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Types of Health Insurance

by Karen Maslowski, Sewstorm Publishing

In the last issue we discussed finding health insurance, now let's take a look at what kind of coverage to look for.

Ask these questions:

First, are you and your family and employees relatively healthy? Is anyone pregnant? Does anyone have recurrent or chronic problems that may need future treatment? Is anyone under the care of a physician or psychiatrist? Does a condition require ongoing prescription medication? If you answer "yes" to any of these questions, don't cancel your present insurance if at all possible until you are positive you can replace it. These "pre-existing conditions," may include past accidents or illnesses, diabetes and many other conditions, and pregnancy, and they are specifically excluded from many policies. In addition, pre-existing conditions clauses often treat family members different than the primary insured (you, or an employee named in the contract).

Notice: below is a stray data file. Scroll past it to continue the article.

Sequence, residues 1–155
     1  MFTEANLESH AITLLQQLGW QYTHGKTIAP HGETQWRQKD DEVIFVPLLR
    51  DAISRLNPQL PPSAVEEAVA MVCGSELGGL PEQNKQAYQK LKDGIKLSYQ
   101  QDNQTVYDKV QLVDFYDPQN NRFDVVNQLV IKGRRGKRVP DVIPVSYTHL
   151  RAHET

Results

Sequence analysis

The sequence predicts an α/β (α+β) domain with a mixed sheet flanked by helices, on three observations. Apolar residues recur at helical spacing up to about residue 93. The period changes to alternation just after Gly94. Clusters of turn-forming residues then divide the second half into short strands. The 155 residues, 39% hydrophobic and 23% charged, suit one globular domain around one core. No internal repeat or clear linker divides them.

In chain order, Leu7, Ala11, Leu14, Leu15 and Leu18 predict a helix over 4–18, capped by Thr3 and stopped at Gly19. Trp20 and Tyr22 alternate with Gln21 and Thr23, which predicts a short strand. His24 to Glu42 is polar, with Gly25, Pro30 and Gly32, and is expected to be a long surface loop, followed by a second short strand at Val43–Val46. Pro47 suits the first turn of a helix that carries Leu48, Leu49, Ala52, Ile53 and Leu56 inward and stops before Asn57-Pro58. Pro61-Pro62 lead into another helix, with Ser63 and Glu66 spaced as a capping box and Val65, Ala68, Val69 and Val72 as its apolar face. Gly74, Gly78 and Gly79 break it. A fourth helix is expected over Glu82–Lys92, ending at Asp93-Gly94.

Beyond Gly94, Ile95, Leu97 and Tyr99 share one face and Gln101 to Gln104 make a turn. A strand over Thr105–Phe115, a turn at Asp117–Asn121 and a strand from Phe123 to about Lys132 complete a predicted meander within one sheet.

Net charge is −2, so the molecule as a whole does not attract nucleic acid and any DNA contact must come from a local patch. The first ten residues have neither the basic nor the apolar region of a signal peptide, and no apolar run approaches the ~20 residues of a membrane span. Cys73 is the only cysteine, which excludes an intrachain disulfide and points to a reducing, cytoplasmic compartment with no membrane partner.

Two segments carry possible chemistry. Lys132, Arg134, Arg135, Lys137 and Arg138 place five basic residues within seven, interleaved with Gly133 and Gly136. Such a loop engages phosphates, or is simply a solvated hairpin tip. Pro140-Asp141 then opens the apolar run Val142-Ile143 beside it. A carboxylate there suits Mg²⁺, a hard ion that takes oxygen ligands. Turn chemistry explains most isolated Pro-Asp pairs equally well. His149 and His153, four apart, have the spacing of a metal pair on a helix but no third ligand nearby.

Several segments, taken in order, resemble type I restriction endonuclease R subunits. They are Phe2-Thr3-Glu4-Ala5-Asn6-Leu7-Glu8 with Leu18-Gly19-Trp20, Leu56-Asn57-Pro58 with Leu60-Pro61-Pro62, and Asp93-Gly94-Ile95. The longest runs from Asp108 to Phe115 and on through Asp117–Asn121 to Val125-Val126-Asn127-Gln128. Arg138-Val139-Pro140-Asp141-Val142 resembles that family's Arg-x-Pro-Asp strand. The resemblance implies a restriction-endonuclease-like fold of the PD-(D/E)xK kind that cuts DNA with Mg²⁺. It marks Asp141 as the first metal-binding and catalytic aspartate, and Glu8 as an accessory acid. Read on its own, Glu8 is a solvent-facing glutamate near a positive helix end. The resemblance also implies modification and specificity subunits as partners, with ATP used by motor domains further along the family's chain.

What to do next:

If any of this applies to you, be sure to disclose it to the agent. He or she can advise you of companies that would be willing to insure you. Some will not; that's their privilege, and their right. They have a responsibility to their shareholders to be profitable, and accepting an insured who has a known illness with high expenditures isn't likely to make them money. It doesn't help to fib about it, either. If the company finds out that the information on the application was untrue they have the right to cancel your coverage, even in the midst of a claim.

Also be aware of how high the deductibles are per year, and whether they apply to the entire family, and how many per family. After that, there is generally a co-insurance, which means you pay a percentage, or set amount of any claim, and the company pays the rest. Study this carefully. Determine how much money you might have to pay doctors and hospitals, given a worse-case scenario. Can you afford this comfortably, or does it make sense to have a lower co-insurance? Often you're just trading dollars with a co-insurance -- you either pay it as a monthly premium, or you pay it if and when you have a claim. (This is almost always true of dental insurance, by the way.) If you're fairly healthy, saving premium by choosing a higher deductible and co-insurance is a good idea. Reputable agents will be happy to show you how to cut costs, without sacrificing coverage.

SewStorm Publishing 1998

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